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Re: st: sign test output


From   Nick Cox <njcoxstata@gmail.com>
To   statalist@hsphsun2.harvard.edu
Subject   Re: st: sign test output
Date   Thu, 17 Jan 2013 10:59:43 +0000

Sorry; I misread radically what your variable is, and it is helpful
that you have now explained it.

My suggestion of a binomial confidence interval still makes sense when
understood in this way: equal numbers of positive and negative
differences imply a fraction of 0.5 for pr(positive) and also
pr(negative).

The literature is large and contradictory and the advice you quote
from somewhere

>  Shapiro-Wilk is used to test normality, when the number of
> observations is less than 30. Otherwise, we should use
> Kolmogorov-Smirnov for large sample (as in my sample).

would never be my two sentences of advice. I would always start out
with -qnorm- and often end with it. Kolmogorov-Smirnov is more
sensitive in the middle than in the tails of a distribution, which is
precisely the wrong way round.

All that said, there is a lot of literature to the effect that the
t-test can work very well even when assumptions are not well
satisfied. See for example Rupert Miller, Beyond ANOVA

http://www.amazon.com/Beyond-ANOVA-Applied-Statistics-Statistical/dp/0412070111

Nick

On Thu, Jan 17, 2013 at 10:21 AM, Nahla Betelmal <nahlaib@gmail.com> wrote:
> Dear Nick,
>
> Thank you for the comments. the variable I am testing is not binary ,
> and the literary of my field is concerned whether the mean (median) of
> this variable is different than zero. So, U is the mean in case the
> variable is normally distributed, or U is the median in case the
> distribution is not normal.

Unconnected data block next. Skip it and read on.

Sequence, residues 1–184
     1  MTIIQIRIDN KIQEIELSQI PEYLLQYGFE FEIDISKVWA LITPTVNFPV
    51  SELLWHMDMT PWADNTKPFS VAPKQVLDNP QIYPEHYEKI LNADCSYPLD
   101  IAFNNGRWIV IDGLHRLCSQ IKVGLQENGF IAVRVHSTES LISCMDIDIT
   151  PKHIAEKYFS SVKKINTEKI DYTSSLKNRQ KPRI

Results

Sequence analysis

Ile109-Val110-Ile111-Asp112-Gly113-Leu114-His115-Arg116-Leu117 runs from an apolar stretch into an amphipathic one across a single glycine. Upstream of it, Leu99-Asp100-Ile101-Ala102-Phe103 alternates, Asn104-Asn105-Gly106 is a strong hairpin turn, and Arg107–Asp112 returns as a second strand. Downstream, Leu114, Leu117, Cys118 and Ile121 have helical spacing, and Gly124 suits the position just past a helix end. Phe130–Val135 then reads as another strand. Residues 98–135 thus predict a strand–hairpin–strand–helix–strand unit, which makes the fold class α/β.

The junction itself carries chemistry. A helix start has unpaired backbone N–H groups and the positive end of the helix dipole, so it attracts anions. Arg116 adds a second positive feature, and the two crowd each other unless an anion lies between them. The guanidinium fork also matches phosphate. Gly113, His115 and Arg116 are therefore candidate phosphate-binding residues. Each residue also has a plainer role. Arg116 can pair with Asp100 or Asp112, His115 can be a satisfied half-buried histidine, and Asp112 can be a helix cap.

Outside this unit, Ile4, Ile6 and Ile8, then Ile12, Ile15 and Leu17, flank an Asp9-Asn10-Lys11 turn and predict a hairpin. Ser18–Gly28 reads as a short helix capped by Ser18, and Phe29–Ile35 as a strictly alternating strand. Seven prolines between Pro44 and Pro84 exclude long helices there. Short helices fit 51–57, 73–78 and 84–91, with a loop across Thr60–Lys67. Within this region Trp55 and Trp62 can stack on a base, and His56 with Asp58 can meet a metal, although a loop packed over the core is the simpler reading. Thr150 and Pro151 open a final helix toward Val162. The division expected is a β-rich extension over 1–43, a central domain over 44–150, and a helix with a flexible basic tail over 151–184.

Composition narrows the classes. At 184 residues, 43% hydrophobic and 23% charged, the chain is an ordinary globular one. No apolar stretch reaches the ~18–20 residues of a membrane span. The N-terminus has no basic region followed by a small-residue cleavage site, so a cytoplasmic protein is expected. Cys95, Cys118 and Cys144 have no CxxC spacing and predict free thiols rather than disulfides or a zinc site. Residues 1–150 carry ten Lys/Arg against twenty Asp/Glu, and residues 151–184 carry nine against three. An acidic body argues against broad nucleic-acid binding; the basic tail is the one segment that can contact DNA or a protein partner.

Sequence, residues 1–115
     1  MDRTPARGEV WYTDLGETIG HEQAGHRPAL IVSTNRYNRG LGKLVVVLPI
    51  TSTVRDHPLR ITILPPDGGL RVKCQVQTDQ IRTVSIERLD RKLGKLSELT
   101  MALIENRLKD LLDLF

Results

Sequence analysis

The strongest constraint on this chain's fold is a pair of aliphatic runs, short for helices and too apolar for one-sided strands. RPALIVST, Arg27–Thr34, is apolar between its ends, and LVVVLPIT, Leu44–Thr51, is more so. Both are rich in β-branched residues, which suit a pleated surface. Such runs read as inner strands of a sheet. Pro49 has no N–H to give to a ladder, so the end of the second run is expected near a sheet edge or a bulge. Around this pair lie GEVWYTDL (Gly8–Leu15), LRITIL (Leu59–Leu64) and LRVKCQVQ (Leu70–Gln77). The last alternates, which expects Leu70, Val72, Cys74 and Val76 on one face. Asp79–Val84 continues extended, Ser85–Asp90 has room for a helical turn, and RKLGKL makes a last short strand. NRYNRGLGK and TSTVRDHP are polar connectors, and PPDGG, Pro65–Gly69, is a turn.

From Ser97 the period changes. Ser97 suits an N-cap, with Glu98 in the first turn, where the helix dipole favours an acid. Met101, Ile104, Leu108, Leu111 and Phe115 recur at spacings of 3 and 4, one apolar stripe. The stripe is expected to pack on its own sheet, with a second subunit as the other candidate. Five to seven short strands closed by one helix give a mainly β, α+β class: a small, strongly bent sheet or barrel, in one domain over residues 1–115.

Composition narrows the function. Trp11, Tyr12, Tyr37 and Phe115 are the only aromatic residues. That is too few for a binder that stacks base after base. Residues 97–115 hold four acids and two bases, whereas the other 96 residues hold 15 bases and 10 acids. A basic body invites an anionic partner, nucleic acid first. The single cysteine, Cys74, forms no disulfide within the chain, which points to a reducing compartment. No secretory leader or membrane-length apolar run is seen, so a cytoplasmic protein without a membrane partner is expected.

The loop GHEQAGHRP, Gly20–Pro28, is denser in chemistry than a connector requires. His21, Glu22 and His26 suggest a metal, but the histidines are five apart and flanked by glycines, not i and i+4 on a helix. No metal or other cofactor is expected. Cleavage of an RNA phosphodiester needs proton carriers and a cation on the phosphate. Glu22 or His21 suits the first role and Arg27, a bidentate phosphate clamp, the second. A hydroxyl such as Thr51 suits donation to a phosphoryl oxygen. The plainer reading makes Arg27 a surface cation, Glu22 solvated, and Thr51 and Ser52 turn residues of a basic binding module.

>
> from my readings in statistics , I know that in order to decide
> whether to use parametric or non-parametric tests, the data normality
> distribution should be checked first.
>
>  Shapiro-Wilk is used to test normality, when the number of
> observations is less than 30. Otherwise, we should use
> Kolmogorov-Smirnov for large sample (as in my sample).
>
> So, when the test accepts the null (normality), we should use the
> parametric test (i.e. t-test) which examines the mean. On the other
> hand if the null of normality was reject, we should use the
> non-parametric test ( sign test) instead which examines the median (As
> in my case).
>
> Also,  for the comment about robust, I meant exactly what said (I used
> the robust term loosely)
>
> Thanks for suggesting to read again, sure I will do.
>
> Many thanks again
>
> Nahla
>
> On 17 January 2013 09:49, Nick Cox <njcoxstata@gmail.com> wrote:
>> Your t-test is testing a quite different hypothesis. If the two states
>> 0 and 1 of a binary variable have equal frequencies, then its mean is
>> 0.5, not 0.
>>
>> That aside, the t-test can not be more appropriate for a binary
>> variable than what you have done already, and this is predictable in